Last week, first year PhD student Alex Bury talked to us about his exciting project that uses nanobiopsy to extract mitochondria from live cells. But what exactly does this mean? Here, Alex explains more about his research.
Multiple copies of DNA exist in all mitochondria. This mitochondrial DNA (mtDNA) contains the code necessary to produce functioning mitochondrial proteins. At birth, all copies of the DNA are the same as each other. As we age, however, damage can occur within the mtDNA by chance. Low levels of damage is well tolerated but higher levels of damage to the mtDNA leads to mitochondrial dysfunction and ultimately can lead to disease.
Over the years, a number of theories have been put forward to explain how damaged mtDNA can spread within and between mitochondria. An exciting new theory is the ‘perinuclear theory’, which is based on an observation that mitochondria in close proximity to the cell nucleus have higher levels of damaged mtDNA. In addition, these mitochondria are better placed to receive signals from the nucleus that increase not just the number of mitochondria but also the damaged mtDNA that they contain. Though promising, this theory needs to be confirmed and a technique called nanobiopsy offers the potential to allow us to do this.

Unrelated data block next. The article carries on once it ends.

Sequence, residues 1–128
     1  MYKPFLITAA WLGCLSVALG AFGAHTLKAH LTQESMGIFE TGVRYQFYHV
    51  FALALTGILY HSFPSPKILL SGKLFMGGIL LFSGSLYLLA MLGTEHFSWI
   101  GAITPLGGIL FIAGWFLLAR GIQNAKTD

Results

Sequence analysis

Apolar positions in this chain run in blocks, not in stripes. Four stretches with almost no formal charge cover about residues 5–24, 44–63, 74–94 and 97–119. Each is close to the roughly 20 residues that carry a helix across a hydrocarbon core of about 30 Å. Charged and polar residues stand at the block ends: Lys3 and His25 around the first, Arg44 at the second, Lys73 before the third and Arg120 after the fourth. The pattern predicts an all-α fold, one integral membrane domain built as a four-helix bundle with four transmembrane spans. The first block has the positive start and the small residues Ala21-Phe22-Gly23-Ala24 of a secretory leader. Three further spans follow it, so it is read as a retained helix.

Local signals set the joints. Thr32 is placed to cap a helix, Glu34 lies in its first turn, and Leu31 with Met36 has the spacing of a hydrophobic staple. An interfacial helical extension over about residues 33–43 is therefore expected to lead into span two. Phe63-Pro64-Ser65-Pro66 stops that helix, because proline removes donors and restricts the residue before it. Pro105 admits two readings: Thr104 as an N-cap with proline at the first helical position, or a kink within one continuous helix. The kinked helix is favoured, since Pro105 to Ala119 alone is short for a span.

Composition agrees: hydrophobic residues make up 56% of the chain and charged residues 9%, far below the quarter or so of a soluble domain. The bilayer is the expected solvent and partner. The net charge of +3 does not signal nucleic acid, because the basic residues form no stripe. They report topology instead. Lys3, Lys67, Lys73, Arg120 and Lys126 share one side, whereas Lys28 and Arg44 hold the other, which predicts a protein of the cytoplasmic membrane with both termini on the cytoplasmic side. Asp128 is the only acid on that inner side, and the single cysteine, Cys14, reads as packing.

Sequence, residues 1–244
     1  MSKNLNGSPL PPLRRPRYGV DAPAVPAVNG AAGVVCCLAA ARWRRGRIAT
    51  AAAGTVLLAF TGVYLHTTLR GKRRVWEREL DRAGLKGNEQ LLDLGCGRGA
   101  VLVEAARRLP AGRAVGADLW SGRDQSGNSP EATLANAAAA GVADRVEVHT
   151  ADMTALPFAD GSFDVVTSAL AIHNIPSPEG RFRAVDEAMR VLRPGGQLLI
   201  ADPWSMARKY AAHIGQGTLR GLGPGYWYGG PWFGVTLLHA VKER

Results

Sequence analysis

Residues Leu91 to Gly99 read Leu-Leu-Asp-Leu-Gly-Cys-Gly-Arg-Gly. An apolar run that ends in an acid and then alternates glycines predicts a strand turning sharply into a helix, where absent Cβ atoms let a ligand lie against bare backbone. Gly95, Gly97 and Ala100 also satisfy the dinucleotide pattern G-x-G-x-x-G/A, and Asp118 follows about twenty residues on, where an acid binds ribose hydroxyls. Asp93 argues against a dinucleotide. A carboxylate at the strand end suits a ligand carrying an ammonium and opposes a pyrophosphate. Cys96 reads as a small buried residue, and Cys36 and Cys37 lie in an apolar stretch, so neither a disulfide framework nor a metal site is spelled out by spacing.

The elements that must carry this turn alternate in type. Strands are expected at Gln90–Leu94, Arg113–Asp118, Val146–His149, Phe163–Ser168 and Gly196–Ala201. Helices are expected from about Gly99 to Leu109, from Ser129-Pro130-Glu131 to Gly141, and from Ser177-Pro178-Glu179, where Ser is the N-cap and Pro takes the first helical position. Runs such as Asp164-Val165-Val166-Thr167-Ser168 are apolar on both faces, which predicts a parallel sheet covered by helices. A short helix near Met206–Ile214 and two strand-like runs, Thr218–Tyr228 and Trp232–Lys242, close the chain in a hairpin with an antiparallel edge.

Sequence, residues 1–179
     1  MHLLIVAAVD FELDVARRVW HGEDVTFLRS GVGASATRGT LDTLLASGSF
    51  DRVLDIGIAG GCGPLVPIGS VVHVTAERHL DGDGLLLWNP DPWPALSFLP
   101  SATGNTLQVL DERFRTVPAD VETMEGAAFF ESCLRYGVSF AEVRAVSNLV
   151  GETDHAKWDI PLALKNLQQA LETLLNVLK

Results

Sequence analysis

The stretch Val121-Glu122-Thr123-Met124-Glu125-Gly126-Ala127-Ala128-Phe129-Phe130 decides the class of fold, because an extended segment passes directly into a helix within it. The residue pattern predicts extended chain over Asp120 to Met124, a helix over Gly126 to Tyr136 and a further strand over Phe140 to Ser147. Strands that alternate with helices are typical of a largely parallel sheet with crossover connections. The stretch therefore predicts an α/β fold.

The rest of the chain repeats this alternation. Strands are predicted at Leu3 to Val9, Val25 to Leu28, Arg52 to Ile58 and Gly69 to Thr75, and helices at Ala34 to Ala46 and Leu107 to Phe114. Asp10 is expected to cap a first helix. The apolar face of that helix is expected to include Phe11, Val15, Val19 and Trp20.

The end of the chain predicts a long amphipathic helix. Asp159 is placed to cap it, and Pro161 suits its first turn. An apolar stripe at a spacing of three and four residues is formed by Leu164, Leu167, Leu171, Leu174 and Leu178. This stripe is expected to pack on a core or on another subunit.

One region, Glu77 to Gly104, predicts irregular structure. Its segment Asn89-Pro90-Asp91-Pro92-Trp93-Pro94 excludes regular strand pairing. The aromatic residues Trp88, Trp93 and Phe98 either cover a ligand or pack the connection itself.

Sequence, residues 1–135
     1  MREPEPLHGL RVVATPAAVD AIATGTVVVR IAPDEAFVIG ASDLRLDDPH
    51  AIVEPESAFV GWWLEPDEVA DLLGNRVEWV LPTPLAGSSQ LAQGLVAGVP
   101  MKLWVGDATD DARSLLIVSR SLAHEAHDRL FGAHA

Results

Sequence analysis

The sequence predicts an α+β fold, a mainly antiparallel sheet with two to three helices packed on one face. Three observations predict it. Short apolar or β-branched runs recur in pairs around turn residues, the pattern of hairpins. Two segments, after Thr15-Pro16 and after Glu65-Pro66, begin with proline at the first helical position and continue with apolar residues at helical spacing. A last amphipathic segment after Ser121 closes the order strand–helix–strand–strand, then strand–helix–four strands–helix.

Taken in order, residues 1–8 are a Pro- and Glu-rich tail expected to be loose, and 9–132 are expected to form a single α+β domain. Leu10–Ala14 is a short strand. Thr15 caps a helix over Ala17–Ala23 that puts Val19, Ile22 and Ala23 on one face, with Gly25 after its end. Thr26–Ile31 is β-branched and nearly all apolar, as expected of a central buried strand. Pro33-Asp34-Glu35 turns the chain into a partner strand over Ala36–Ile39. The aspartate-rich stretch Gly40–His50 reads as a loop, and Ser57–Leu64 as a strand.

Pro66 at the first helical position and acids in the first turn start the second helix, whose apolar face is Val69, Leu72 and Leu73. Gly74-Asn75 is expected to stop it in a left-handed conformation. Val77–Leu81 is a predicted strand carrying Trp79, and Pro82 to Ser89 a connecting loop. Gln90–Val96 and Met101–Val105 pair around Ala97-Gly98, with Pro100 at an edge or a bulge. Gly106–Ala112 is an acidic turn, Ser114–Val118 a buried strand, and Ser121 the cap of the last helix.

Nanobiopsy uses a nano- (or very small) pipette that is moved to the area of interest within a sample of cells using a very precise motor. The pipette is filled with oil which doesn’t mix with the cytoplasm in the cell. ‘Electrowetting’, where a voltage is introduced across the liquid-liquid interface between the oil and cytoplasm, allows us to aspirate mitochondria within the cytoplasm into the pipette (shown in the diagram below).
The video below shows an attempt at extracting mitochondria from skeletal muscle tissue. The black dot near the centre of the image shows where the biopsy takes place (keep watching – this happens near the end of the video!).
As the pipette moves closer to a cell, an electrical current flowing from an electrode in the pipette (to a reference electrode) is increasingly obstructed. The change in current as the pipette moves over the surface of a cell can be used to make a high-resolution image that allows the precise placement of the pipette (shown below). This allows mitochondria to be sampled from specific regions in a cell, which will help us understand how mtDNA damage can spread.